Some passionate pursuits and areas of human achievement are the opposite. Think of the brilliant scientists who dedicated themselves to creating nuclear weapons and making them ever more destructive. Think of talented marketers who excel at luring people into a life of materialistic distraction where they’re never satisfied with what they’ve got and are always wanting things they don’t need and aren’t worth coveting. Think of politicians who use their charisma to manipulate citizens into politically useful but life-sapping delusions, hatreds, and anxious states.

Think of the incredibly smart and hard-working engineers and coders racing to make artificial intelligence ever smarter, ever more powerful, while evincing little care for the potentially shattering human consequences.

Something deep

Listening to the great sages and artists of the past, we realize that a good life is one that gets “in sync with something deep about the world,” the authors write in Life Worth Living. It’s more than the pursuit of pleasure and avoidance of pain, as valid as those are (especially when we concern ourselves with others’ pain and pleasure in addition to our own). Some of our most worthy pursuits might bring with them a lot of discomfort and tedium, a distinct absence of dopamine payoffs.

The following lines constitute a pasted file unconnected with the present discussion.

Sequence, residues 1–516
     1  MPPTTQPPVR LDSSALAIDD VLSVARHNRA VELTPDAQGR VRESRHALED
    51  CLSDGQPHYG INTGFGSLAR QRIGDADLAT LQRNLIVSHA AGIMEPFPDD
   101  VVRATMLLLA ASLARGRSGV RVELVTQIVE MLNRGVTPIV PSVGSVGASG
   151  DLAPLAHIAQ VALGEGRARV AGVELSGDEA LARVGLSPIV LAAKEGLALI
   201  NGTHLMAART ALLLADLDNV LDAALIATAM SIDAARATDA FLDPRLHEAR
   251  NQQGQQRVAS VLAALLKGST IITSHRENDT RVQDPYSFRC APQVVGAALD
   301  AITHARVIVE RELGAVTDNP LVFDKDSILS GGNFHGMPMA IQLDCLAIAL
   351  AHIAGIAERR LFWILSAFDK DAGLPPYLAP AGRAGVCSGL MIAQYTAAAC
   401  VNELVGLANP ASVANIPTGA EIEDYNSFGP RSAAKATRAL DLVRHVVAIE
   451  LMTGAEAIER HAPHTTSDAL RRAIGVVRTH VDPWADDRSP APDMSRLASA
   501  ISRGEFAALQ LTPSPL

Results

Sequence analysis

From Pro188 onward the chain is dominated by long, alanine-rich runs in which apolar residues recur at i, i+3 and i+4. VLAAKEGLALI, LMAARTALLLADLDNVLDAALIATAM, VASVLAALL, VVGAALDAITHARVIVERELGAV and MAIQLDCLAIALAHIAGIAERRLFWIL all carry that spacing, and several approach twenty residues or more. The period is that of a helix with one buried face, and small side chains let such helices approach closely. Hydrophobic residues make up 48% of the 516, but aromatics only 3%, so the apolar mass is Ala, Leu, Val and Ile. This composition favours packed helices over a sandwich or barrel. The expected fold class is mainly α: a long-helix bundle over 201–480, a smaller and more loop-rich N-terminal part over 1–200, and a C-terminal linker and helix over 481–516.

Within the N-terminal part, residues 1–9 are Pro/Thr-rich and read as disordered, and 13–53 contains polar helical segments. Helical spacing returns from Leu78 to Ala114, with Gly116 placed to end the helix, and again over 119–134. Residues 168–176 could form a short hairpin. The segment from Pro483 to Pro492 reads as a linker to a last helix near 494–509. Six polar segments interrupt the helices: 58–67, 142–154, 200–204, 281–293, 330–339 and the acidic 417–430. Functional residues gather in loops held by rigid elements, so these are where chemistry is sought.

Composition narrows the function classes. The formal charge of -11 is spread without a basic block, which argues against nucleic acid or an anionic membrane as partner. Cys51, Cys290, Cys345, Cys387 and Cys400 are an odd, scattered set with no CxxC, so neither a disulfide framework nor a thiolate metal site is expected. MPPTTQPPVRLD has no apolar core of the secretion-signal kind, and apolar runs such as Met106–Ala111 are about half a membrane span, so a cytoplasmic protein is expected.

For my friend Paul, that deep commitment is the tenacious support of his son. He could leave much more of his care to others—doctors, nurses, other family members. But at a real cost to his career pursuits and fun quotient, he keeps making that drive to the care facility, day after day after day, to be with his partially conscious son.

As summer approaches, many of us savor the prospect of vacation trips to beautiful, far-off locales. No such plans for Paul and his wife. Instead: more time with Christopher. Their joy will be derived from the moments when he lights up, clearly having heard and understood what they said to him, or when he moves his arm or leg a little more than before.

Paul tells me the endeavor pulls at him like a powerful magnet. He knows it is what he is supposed to be doing. His son’s bedside is where he is supposed to be.

As I’ve learned from the hard things I’ve done, “wanting” is beside the point. Whether it’s extraordinary, self-sacrificing support for a family member or friend, a project that serves vulnerable people in our communities, or anything else that’s high in importance and low in bucket-list value, we do it because it’s worth doing. Because our values and commitments leave us no choice. Because regardless of the outcome, we know it’s the only way to satisfy our consciences.

Such commitments yield no fun and little pleasure of the conventional types. But to cite the title of the new book by the Yale trio, it’s the stuff that makes life worth living. Who doesn’t want a life like that?

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Tom Krattenmaker

Tom Krattenmaker is a writer specializing in religion, meaning, and values in public life. A longtime columnist for USA Today, he is the author of three award-winning books, including "Confessions of a...